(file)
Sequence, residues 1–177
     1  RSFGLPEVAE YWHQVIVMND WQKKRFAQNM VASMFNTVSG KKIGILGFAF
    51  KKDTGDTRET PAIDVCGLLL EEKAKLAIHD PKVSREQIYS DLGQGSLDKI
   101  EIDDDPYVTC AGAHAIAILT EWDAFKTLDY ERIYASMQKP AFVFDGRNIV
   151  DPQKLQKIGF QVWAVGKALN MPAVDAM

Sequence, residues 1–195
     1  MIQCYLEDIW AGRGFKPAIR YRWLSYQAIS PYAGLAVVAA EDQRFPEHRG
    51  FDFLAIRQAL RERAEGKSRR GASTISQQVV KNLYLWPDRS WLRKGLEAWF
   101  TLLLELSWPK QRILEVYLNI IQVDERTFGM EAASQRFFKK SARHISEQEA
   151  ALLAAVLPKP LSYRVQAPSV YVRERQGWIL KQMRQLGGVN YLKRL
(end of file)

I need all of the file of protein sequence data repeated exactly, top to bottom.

Sequence, residues 1–177
     1  RSFGLPEVAE YWHQVIVMND WQKKRFAQNM VASMFNTVSG KKIGILGFAF
    51  KKDTGDTRET PAIDVCGLLL EEKAKLAIHD PKVSREQIYS DLGQGSLDKI
   101  EIDDDPYVTC AGAHAIAILT EWDAFKTLDY ERIYASMQKP AFVFDGRNIV
   151  DPQKLQKIGF QVWAVGKALN MPAVDAM

Sequence, residues 1–195
     1  MIQCYLEDIW AGRGFKPAIR YRWLSYQAIS PYAGLAVVAA EDQRFPEHRG
    51  FDFLAIRQAL RERAEGKSRR GASTISQQVV KNLYLWPDRS WLRKGLEAWF
   101  TLLLELSWPK QRILEVYLNI IQVDERTFGM EAASQRFFKK SARHISEQEA
   151  ALLAAVLPKP LSYRVQAPSV YVRERQGWIL KQMRQLGGVN YLKRL